By Gillian Carmien
Rutgers University, History and Political Science Major
Within Richmond, Virginia, lies Jackson Ward, a historically black neighborhood and a National Historic Landmark District. Jackson Ward houses a multitude of impressive and interesting historical sites, but especially notable is Maggie Lena Walker’s urban Victorian mansion at 110 ½ E. Leigh Street. Today, the house serves as an exhibit hall where visitors can take tours to learn about Walker’s great life and legacy.
Walker devoted her life to civil rights advancement, economic empowerment, and educational opportunities for Jim Crow-era African Americans and women. She was the first black woman in the United States to found a bank, and she also founded the St. Luke Herald newspaper. She was Grand Secretary for the Independent Order of St. Luke, which provided insurance and contributed to the growth of more independent and autonomous black communities. Overall, she served as an inspiration of pride and progress for her community until her death in 1934.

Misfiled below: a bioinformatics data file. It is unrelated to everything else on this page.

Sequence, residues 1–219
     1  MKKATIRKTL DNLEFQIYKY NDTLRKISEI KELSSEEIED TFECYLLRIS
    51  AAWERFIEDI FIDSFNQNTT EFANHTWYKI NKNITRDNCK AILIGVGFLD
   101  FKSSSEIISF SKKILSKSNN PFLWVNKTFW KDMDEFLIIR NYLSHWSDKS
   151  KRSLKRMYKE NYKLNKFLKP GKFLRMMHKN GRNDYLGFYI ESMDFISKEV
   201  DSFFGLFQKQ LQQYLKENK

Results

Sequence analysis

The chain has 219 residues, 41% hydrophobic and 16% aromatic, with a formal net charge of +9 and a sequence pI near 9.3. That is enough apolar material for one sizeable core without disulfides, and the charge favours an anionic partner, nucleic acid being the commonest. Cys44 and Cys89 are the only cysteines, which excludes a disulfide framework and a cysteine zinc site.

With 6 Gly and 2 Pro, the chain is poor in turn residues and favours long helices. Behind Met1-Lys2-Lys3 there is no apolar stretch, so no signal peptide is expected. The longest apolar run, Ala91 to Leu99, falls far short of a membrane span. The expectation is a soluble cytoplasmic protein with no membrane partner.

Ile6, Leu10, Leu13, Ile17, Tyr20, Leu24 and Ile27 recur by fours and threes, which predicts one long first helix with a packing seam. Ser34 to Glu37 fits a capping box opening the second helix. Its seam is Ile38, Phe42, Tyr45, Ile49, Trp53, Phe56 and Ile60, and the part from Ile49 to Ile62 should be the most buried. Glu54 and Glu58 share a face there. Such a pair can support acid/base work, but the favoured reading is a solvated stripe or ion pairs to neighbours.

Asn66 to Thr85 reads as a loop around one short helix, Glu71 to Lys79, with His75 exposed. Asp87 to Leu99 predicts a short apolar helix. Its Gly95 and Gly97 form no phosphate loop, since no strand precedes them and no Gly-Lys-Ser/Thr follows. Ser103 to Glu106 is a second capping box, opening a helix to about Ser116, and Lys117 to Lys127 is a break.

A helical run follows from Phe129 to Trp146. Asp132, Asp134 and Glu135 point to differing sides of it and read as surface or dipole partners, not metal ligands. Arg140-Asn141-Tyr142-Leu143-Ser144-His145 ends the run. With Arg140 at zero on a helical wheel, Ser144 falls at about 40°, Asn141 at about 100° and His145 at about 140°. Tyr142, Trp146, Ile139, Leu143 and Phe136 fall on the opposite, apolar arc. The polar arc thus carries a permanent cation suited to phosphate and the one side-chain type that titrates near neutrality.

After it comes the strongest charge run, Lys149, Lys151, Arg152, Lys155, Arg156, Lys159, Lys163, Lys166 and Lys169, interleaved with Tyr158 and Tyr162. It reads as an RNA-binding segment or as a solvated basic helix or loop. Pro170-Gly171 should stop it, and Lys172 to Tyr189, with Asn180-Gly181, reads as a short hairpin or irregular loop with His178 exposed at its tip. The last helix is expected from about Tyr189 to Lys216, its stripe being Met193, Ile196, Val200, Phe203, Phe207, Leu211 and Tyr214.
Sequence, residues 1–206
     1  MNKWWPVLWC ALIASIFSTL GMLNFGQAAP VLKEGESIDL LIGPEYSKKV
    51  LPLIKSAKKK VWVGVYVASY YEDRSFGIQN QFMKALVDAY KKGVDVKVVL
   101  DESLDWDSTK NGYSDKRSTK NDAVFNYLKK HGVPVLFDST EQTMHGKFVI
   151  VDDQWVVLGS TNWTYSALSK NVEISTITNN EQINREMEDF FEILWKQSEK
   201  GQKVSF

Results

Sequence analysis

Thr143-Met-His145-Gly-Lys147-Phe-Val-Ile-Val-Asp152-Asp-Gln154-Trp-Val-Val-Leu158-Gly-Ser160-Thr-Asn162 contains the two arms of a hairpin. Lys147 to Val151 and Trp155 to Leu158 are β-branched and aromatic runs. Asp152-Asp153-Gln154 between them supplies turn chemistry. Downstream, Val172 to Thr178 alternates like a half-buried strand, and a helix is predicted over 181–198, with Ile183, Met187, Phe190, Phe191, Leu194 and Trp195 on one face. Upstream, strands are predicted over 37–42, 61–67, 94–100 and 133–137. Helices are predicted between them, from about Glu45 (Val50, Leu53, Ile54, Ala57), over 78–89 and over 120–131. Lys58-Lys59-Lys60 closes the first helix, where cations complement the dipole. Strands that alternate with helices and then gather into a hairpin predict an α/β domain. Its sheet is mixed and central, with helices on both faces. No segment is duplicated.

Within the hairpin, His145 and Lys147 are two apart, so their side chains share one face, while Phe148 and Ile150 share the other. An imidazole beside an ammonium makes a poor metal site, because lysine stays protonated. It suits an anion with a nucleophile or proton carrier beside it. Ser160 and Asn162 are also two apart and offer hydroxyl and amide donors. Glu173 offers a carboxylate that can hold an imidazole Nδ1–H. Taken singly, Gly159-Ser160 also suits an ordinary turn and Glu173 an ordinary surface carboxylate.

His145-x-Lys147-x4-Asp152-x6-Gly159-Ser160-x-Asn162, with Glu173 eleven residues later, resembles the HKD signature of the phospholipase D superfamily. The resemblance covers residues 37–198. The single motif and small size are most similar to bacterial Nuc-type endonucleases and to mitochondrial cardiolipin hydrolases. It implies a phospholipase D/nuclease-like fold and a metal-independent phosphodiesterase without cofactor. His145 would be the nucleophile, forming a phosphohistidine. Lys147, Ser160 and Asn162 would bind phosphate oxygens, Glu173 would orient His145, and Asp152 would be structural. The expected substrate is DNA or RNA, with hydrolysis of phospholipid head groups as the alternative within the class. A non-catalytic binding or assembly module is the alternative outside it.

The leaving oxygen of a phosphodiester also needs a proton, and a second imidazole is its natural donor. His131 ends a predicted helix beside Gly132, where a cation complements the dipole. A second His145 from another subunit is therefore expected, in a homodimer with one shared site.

Her home on Leigh Street was built in 1883 by local black builder George Boyd. It originally had just five rooms. However, by 1928, it had grown to 28 rooms, and even included a carriage house and an elevator. Although she had a husband, Walker purchased the house on her own in 1904 and commissioned all of the renovations herself. Most of the furniture remaining in the house is original family furniture, and the unique architecture and the furniture help provide insight into Walker’s life and the world in which she lived.
When Walker died, her daughter-in-law lived in the house until 1971. Then, in 1978, Walker’s granddaughter Maggie Laura deeded the property to the National Park Service, now the Maggie L. Walker national Historic Site. Today, Walker’s home is preserved as a tribute to her enduring legacy of vision and determination. Usually, guided walking tours are available to see the home and connect personally with the past. However, during the pandemic, an extensive virtual tour is available through the Museum Management Program of the National Park Service.